Greetings from Wuxi, where we are still recovering from being visited by 20 American high school students and a handful of their teachers.
We tried to prepare our students in advance. Brad gave them a long talk about American etiquette (weeks later, they are still talking about “personal space!”) Some of the boys were indignant when informed that Americans expect people to change their clothes every day. I answered additional questions like, “Will the Americans be able to eat noodles with chopsticks?” (Answer: “Probably not, so be nice!”)
Both of us gave the students assignments designed to force them to interact as much as possible. I told them they each had to bring me five (unique) stories about the Americans. (Which, come to think of it, I have never asked them to write down… It doesn’t really matter, though–I just wanted them to practice their English, and they did–even if I had to threaten them to get them to do it.)
When the bleary-eyed Americans finally walked into the hotel lobby where we were waiting for them, one of my students, who would be hosting two of the Americans while they were in town, looked at me aghast and said, “They’re so tall! What if they won’t fit in the bed?” I assured him that really tall people were used to problems like that.
Then we all had a buffet dinner at the hotel. It was very fancy, and wholly unlike anything I have experienced elsewhere in China. There were dozens of food stations to choose from, complete with chefs to prepare things for you. (But of course some of the pickier Americans ended up going hungry anyway.) Strangely, you could have all the sushi and crabs etc that you wanted–but you could only get one helping of ice cream! (It is so sad how expensive and hard-to-find ice cream is here. Wherever you are, please dedicate a sundae to me.)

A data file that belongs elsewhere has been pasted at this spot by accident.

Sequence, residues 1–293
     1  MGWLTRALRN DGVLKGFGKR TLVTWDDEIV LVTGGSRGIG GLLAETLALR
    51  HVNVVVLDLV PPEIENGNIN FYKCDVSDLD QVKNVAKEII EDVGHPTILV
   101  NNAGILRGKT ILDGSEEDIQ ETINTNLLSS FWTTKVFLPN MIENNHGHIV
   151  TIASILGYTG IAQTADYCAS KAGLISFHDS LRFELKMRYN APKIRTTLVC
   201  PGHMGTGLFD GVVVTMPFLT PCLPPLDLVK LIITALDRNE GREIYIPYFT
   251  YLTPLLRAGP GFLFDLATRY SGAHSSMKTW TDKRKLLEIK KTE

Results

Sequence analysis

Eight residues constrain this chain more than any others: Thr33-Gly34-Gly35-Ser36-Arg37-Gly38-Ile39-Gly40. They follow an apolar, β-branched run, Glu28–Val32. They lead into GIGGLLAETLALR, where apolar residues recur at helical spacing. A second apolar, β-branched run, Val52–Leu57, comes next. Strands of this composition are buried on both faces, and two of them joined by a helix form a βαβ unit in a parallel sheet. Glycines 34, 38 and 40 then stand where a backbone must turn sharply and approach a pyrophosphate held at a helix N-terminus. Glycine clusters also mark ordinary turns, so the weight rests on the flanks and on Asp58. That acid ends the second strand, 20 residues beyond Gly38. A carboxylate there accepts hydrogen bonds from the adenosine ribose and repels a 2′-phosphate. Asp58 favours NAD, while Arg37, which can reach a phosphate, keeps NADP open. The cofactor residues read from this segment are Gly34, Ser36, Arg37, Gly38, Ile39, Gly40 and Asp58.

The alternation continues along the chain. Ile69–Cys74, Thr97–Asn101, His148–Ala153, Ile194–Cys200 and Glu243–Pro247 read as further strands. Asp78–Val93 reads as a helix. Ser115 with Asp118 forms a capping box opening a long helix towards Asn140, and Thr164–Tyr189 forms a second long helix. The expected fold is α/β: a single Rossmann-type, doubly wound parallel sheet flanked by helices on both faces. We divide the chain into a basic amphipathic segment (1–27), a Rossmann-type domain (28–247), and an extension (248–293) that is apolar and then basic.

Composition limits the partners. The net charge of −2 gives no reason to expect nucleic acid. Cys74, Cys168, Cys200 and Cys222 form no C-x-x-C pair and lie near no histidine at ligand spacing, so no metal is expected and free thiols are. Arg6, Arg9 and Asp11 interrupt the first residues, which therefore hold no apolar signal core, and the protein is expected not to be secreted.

The next day, Saturday, all my students and the Americans met up for a tour of Wuxi. Brad and I made them sit next to someone from the opposite country on the bus. It’s funny–some of the stand-out stars of the day were kids I would never have guessed (e.g., not the greatest students). But they had no fear about looking foolish, and that meant they talked the most and, consequently, learned the most.
Our first stop was a huge Buddha (88 meters tall, since eight is the luckiest number), one of Wuxi’s major tourist attractions. We were informed that it is the tallest Buddha in the world (but the world says otherwise). There were a lot of steps to get up to it, but after climbing that mountain in Nanjing, it was nothing!
Then we visited a sort of Buddhist temple/palace, that was really more like a cathedral than anything else. (It was designed to look old but was clearly very new.) We had to wear little bags over our shoes (either to keep the floors clean or as a sign of respect–I’m not sure which.)
We had lunch in the cafeteria inside the temple. Once again it was a buffet, and once again many of the Americans had trouble finding anything they were willing to eat. I sat with a mixed group of students, and every time the Americans went up for seconds I harangued my Chinese students about talking to them more when they got back.
After lunch we took a little cruise down the Grand Canal (the canal I cross every day to go to school, which I have been told is 2000 years old and the longest canal in the world (but who knows)). This time we had an English-speaking guide, who told us, “My English name is Wonderful because I want you to have a wonderful time.” You can imagine how American high schoolers reacted to that. Poor Wonderful.
The canal cruise was interesting, if very smelly. That canal is just putrid in places. We stopped at three museums, a silk museum, a pottery museum, and a historic house. I had a terrible cold and all I wanted was to be in bed, but I also didn’t want to miss anything, so I dragged myself out of the boat each time and staggered through the museums. Fortunately, there was no communal dinner so I could go straight home to my Kleenex.
The next day we took a trip to Shanghai. Once again, we made the kids sit with someone from a different country–and then we all fell asleep.